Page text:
PRACTICE: Distribute the practice to avoid fatigue, limit distractions and negative interference from other training tasks. Use slow, controlled movements. Follow blocked-constant practice to refine movement patterns before switching to new or more complex variations. Guided practice dominates.

Associative Stage

WHAT: Practice and refinement of the movement. Movement errors will decrease, need for cognitive recognition of the pattern decreases, automaticity increases. Trying to improve the “neural map”. Mostly “whole” movement training except in cases of complex actions.

HOW: Help performer develop the decision making necessary to train the movement.

PRACTICE: Randomize practice with other variables to increase long term retention of movement patterns. Begin introducing real world scenarios to have maximal transfer of the movement. Guided practice dominates.

Autonomous Stage

WHAT: Cognitive control almost autonomous. Developing additional skill and goal attainment.

HOW: Confirm or correct the athletes analysis of the movement. Increase specificity of the training movements.

PRACTICE: Random practice movement patterns with increased specificity of movement. Discovery-guided practice to offer extrinsic feedback, which can be compared with the athletes intrinsic feedback to find potential solutions for progress.

In general, more high quality, high frequency and varied training with a pyramid of specificity from simple to complex, general to specific will yield greater motor ability. And that is the goal of training athletes, not increasing the squat max and telling them to go practice.

So how can you use this situation to adjust for various athletes? Here is a breakdown:

Youth Athletes:

  1. Focus on lots of external visual and audible feedback.
  2. Use the same exercises repeatedly before moving to others.
  3. Use several exercises per day (build the neural map), focusing only on short term retention (motor performance) of one exercise will not have any learning affect on the long term retention of the movement compared to lesser focus.
  4. Don’t look for daily perfection of everything, look for daily PROGRESS on everything, moving towards perfection over weeks, months and years.
  5. Long term success and retention is the only factor that counts with a youth athlete. Make them love training, give good feedback, and know that there is plenty of time to peak.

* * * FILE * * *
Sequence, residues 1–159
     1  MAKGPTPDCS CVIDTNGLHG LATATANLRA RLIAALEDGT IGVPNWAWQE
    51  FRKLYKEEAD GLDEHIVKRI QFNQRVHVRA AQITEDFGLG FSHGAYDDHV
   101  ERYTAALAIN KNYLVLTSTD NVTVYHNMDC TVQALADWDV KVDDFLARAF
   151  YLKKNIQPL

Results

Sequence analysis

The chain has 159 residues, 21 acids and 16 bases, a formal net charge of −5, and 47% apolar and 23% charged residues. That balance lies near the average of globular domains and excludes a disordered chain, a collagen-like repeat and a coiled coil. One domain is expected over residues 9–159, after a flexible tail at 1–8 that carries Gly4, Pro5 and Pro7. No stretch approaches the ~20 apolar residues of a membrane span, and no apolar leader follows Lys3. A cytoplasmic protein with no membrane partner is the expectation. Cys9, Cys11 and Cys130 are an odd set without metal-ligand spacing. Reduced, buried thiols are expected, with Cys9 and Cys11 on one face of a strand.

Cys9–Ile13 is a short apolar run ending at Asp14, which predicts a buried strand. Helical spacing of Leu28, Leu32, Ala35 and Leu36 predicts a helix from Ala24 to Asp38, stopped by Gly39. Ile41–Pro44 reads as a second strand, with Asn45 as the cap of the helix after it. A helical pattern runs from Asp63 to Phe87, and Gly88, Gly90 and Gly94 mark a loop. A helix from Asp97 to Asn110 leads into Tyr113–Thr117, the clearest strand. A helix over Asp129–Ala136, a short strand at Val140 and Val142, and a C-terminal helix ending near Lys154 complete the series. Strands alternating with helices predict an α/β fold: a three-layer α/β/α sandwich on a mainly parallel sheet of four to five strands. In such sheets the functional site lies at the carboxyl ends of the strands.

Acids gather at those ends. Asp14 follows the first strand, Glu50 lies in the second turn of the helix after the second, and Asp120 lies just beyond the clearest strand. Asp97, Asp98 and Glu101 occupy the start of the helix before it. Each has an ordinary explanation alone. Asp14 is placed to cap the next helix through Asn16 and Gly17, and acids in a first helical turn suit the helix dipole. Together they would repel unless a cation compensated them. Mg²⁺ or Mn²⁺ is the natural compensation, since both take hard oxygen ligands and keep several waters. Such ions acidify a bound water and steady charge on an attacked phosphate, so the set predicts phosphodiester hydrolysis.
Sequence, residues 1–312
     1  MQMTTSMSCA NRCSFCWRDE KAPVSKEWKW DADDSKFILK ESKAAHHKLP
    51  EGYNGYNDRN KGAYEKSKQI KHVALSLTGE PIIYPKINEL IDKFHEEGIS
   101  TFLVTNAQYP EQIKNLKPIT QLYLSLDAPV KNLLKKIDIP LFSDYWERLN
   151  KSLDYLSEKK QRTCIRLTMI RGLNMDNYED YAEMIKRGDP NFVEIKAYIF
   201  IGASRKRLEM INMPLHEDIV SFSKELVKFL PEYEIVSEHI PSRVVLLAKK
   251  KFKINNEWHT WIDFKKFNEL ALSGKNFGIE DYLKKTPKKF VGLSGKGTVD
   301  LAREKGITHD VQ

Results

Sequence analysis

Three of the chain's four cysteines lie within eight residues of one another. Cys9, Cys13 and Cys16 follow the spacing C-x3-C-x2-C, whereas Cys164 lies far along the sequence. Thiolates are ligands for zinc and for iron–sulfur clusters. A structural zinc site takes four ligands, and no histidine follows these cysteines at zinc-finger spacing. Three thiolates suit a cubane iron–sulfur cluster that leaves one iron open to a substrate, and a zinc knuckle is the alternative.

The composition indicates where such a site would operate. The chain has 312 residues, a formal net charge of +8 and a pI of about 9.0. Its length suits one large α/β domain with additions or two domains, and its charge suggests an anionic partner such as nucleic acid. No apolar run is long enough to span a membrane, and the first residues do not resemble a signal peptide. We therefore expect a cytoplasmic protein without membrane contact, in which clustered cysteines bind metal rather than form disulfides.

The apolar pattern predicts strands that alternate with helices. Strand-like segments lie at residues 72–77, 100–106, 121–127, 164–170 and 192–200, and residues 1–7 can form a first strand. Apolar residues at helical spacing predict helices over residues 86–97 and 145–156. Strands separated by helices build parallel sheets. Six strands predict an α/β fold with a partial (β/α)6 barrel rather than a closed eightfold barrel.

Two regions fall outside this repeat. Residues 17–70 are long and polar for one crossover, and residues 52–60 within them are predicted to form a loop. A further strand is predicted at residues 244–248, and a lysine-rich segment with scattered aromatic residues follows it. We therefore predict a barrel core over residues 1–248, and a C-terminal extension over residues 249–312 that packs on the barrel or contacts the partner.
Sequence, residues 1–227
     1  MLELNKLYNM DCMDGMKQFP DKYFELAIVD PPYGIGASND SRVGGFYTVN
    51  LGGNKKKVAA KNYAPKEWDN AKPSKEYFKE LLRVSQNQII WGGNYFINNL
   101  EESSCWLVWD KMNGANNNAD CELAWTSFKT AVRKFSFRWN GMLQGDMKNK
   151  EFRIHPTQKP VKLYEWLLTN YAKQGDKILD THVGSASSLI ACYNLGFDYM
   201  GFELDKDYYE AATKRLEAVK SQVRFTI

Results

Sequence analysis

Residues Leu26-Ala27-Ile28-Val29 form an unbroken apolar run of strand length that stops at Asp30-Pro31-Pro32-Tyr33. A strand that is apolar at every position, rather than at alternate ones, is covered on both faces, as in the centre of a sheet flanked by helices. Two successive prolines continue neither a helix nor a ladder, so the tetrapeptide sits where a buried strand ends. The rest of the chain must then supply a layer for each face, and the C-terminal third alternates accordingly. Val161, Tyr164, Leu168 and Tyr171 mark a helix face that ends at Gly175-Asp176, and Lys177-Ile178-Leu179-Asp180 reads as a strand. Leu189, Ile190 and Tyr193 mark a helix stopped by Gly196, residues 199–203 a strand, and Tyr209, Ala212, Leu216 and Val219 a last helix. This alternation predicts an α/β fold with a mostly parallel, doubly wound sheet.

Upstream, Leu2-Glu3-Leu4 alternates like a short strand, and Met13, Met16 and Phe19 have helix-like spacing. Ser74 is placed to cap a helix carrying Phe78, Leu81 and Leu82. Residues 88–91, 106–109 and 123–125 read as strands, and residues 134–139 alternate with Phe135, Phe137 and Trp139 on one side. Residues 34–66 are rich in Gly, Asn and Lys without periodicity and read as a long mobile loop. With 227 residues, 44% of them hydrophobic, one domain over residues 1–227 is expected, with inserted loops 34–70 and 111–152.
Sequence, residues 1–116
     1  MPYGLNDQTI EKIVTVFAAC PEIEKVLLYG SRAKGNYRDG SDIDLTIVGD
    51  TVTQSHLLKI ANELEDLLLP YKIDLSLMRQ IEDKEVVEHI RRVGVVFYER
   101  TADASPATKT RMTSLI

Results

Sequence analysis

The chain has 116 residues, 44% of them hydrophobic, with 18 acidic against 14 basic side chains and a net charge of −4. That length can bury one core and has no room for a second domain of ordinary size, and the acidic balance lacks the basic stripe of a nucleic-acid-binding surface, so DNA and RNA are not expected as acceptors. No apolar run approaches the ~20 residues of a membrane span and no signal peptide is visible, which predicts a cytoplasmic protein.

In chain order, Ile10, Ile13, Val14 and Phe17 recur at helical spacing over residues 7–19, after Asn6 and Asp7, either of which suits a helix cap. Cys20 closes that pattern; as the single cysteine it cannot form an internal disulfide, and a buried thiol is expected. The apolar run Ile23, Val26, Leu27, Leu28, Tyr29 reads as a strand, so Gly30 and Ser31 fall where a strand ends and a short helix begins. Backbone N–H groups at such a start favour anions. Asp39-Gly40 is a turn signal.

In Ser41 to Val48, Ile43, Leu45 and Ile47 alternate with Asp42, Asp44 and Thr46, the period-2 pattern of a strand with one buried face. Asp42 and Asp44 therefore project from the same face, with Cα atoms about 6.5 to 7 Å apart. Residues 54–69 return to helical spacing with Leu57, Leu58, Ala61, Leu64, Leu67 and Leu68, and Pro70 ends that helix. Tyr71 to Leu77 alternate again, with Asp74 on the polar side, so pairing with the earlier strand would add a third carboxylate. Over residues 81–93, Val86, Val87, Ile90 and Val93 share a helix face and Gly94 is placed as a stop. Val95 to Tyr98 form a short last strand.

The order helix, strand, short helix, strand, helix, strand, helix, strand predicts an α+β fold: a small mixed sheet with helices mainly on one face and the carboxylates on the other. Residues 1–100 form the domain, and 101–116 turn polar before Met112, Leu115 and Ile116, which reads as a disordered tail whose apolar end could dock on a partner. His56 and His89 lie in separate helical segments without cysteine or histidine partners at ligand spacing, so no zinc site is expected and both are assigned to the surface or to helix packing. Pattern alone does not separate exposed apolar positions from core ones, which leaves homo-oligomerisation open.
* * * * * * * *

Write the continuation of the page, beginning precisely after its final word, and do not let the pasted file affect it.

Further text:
6. Begin teaching basics of more complex patterns early, even if training the success of the movement is not the goal, set the foundation for future success. Jumps, skips, Olympic movements and more can be taught.

College / High School

  1. Use guided training to not just correct movement, but teach athlete a sense of what is right, to develop their own intrinsic feedback on movement patterns.
  2. Variable, random practice will allow for maximal return. Train several variations simultaneously.
  3. Train complex movements in part and as a whole.
  4. When introducing new movements, block-constant practice until learned, then integrate into main variable-random program.


  • Develop strong sense of intrinsic feedback and motivation.
  • Working with athlete to solve problems, rather than just coaching.
  • Continued refinement of motor skills leading to perfection.
  • Separate motor skills into refined and need refinement, adjust training protocols based on what will cause biggest improvement.

Note: This does not apply just to weight training. Jumping, running, positional work, or anything involving any movement pattern can be planned and programmed using the concepts described above. The goal is maximal transfer to the field, so start building your program to do just that!

About the author 

Steve Olson, MS, CSCS

Steve is a strength and conditioning coach, gym owner, and founder and CEO of Strength Coach Pro. Prior to founding SCP, Steve owned Excel Training Designs, a company created to help coaches better learn and use Excel for programming. Steve also owns a strength and conditioning gym in Cary, NC, and has his bachelors and masters in Exercise Science.